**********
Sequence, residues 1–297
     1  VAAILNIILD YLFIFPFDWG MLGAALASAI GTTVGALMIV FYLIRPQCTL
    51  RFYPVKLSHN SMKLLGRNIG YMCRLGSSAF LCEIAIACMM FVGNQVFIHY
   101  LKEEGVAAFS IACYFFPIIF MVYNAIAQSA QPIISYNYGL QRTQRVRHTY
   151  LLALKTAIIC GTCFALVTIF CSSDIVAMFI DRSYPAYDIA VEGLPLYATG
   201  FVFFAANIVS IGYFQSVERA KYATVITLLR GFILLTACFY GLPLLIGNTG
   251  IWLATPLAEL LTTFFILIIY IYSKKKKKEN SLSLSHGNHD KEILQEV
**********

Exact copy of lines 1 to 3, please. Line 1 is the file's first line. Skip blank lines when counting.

Sequence, residues 1–297
     1  VAAILNIILD YLFIFPFDWG MLGAALASAI GTTVGALMIV FYLIRPQCTL
    51  RFYPVKLSHN SMKLLGRNIG YMCRLGSSAF LCEIAIACMM FVGNQVFIHY